Walking at a moderate to brisk pace
can enhance aerobic fitness, reduce the risk of cardio-vascular
disease, reduce body fat, increase bone strength and density, and
improve psychological well-being. The amount of calories burned
depends on two factors:
the incline of the walking surface and the pace of the individual.
How do you know if you are walking correctly?
Head: centered in line with the spine (not leaning
toward the right or left shoulder).
Shoulders: down and back, rather than rounded.
Tightness can impair arm swing.
Chest: lifted and expanded. A dropped or closed
chest results in improper spinal alignment.
Abdominals and buttocks: Contract abs gently throughout the walk.
Hips tucked under creates pelvic tilt which helps to maintain proper
alignment of lumbar spine.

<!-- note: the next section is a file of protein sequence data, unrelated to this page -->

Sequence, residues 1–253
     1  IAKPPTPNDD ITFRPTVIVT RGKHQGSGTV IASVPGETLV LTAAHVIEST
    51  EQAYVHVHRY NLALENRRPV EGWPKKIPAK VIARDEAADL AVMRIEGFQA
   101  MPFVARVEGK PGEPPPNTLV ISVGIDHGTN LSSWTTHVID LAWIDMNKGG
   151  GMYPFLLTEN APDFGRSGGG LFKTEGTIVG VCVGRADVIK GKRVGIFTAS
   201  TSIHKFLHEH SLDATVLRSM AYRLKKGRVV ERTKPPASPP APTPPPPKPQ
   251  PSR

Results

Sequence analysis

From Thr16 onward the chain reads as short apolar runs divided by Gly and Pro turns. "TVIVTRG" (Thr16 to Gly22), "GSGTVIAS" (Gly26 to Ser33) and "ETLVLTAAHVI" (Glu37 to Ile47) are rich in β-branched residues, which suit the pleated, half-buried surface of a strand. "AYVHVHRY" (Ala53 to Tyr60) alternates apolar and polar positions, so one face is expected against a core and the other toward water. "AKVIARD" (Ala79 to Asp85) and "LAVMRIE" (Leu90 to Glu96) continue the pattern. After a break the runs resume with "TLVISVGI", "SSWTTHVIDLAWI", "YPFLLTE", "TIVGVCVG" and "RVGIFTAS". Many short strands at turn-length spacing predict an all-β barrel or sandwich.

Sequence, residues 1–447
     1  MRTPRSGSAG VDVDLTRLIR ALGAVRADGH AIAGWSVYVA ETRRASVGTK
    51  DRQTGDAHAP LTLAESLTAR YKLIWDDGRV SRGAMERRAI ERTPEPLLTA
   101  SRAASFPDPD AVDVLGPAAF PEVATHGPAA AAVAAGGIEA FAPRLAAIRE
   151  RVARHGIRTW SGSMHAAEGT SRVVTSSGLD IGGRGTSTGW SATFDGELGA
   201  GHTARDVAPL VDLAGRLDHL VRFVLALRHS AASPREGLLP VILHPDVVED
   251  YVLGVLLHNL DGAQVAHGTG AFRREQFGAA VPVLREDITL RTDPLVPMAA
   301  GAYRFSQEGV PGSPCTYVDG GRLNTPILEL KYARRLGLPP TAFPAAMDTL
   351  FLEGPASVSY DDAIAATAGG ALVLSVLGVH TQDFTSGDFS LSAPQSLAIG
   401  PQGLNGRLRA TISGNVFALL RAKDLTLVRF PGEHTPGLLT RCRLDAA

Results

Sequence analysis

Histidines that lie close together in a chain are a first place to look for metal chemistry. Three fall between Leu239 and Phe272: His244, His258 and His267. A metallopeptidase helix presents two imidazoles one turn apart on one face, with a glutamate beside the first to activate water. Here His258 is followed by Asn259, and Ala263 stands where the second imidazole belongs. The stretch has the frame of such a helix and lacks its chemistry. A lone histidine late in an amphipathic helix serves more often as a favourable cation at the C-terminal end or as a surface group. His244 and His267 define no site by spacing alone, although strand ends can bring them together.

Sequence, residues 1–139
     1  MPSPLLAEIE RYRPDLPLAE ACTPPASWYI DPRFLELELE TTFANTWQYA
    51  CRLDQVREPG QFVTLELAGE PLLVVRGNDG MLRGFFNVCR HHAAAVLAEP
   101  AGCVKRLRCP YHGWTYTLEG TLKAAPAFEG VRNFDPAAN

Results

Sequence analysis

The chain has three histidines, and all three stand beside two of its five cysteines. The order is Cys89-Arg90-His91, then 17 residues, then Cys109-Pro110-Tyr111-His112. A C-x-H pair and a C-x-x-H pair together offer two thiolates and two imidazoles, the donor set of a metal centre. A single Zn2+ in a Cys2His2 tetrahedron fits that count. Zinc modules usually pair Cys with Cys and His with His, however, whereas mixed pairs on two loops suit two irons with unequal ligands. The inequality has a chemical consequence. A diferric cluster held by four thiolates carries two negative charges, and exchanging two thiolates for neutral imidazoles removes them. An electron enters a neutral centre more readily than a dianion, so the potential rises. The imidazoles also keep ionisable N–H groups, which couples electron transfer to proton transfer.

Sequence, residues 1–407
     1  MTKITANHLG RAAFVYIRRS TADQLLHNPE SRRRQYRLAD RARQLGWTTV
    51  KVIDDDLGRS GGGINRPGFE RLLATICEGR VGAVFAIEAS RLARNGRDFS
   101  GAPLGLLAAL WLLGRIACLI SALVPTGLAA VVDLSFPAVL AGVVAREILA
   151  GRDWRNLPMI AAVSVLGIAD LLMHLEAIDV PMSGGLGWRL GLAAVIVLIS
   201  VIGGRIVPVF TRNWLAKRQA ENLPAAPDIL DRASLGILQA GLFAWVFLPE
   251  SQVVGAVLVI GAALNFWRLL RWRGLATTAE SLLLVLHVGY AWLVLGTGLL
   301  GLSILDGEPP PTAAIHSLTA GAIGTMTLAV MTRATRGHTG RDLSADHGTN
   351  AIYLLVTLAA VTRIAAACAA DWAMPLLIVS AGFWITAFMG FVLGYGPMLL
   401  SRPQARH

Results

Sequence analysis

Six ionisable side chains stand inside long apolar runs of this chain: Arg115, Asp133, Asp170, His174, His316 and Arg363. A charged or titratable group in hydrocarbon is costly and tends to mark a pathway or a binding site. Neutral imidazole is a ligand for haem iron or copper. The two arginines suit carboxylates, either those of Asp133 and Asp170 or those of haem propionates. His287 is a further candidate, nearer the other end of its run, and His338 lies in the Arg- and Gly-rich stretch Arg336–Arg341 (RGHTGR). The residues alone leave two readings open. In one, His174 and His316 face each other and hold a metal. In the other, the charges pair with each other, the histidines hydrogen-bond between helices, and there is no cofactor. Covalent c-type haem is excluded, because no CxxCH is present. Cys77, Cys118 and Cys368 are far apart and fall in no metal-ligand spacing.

Arm Action: Arm swing should be natural and comfortable,
elbows relaxed as arms swing in opposition to the legs. Forward
swing should not cross center of body.
Leg action: Length of each stride should be comfortable
and varies in each individual. To determine your stride, stand with
feet together and slowly lean forward from your ankles. When you
begin to feel off-balance, take a step forward. The distance between
your right and left foot provides a good estimate of your natural
Warm-up for at least 5-8 minutes to increase blood
flow to reduce risk of injury
And Cool down 5-8 minutes to elongate muscles which are contracted
during walking and to help reduce soreness.
Powerwalk: Lead a walk and jog on the beach.
Walking related techniques: elbows up in back
and direct your energy forward.Push off the heel of the foot,
tuck your hips under and propel the whole body forward.
Dogwalking is an excellent form of entertainment,
plus, resistance training... keeps the dogs well-mannered.
Other CROSS-TRAINING activities: aerobics
- cycling - horse-riding
- martial arts
- powerwalk - running
- sailing - scuba-diving
- skating - strength-training
- hydra-fitness - yoga